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Insurance agents e&o
Top 11 Errors and Omissions (E&O) Providers for Insurance Agents
Top 11 Errors and Omissions (E&O) Providers for Insurance Agents
You’re probably wondering why Lead Heroes is doing a blog post about E&O coverage, or how this post might help you close more leads? Actually, we wanted to cover errors and omissions insurance because:
- We covered this topic in our book as an item that new agents need to take care of before you can start closing leads.
- E&O insurance usually renews in the month of October for most agents, which is quickly approaching.
- Not all E&O policies are priced the same, or have the same definitions or coverages, so we wanted to inform you about this necessary coverage that many agents don’t pay attention to…until it’s too late.
We hope to make this the most interesting article you’ll ever read about E&O, as we know it can be a fairly dry subject to ruminate on. So, without further ado – let’s find out:
- What exactly is errors and omissions insurance and why do you need it?
- What should you know about E&O before buying a policy?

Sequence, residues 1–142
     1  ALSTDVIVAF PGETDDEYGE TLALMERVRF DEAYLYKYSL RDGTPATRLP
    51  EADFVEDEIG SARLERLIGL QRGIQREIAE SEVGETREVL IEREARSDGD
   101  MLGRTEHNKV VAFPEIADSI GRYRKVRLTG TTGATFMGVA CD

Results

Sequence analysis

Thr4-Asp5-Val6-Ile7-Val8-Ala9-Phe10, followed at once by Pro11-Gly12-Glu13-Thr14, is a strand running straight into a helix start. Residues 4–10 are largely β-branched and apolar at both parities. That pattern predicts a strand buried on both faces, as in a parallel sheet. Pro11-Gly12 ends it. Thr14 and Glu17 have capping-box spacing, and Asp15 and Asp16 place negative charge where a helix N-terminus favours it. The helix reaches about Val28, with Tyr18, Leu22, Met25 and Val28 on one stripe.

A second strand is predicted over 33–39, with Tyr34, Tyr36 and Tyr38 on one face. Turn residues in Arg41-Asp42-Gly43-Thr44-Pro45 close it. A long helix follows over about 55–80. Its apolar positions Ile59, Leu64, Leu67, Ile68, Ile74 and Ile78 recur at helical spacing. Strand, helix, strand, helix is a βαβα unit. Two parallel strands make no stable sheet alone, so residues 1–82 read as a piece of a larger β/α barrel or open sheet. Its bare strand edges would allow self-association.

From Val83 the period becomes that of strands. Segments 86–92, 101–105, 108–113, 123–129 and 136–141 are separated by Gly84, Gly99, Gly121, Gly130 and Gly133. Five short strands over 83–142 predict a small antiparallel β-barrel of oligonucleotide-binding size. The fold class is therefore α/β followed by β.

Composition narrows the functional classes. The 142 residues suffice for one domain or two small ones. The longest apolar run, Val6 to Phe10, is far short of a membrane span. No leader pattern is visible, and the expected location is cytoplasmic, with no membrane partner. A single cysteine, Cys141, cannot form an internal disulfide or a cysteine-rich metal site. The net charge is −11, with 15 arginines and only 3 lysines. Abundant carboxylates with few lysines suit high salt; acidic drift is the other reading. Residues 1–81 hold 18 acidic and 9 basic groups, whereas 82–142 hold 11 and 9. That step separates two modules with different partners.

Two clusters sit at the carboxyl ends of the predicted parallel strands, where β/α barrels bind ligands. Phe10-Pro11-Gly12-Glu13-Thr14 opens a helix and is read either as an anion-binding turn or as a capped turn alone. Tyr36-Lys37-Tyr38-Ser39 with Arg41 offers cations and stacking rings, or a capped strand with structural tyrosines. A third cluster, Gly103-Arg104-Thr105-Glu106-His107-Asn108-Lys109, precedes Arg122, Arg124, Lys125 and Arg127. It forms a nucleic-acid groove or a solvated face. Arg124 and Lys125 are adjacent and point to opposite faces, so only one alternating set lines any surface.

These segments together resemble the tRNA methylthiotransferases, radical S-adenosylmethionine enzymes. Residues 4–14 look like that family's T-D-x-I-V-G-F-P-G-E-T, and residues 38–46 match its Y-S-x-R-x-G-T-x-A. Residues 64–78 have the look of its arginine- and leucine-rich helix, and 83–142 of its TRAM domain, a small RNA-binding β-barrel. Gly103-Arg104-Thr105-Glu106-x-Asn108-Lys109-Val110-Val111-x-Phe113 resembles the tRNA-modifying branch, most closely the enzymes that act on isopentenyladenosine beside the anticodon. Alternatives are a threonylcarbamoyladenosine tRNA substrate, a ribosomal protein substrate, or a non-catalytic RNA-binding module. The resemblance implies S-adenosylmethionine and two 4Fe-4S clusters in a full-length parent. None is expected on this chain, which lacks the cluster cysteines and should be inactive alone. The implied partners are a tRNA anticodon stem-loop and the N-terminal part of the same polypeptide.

- Who offers the most competitive E&O coverage for insurance agents?
- Who covers agents that have had prior felonies or bankruptcies?
Who knows – maybe we can save you some money on your E&O that you can put toward better things, like maybe buying more leads. Unless you’re using one of our top picks from this review article, you’re overpaying for your E&O insurance.
What Exactly is E&O?
Errors and omissions insurance protects professionals (like lawyers, accountants, engineers, consultants and agents) from any actions that might make them liable against claims of negligence or failing to perform their duties. Within the insurance industry, it’s basically insurance for insurance agents. It’s the policy that protects your ASS-ets from lawsuits if you’re ever accused of professional misconduct.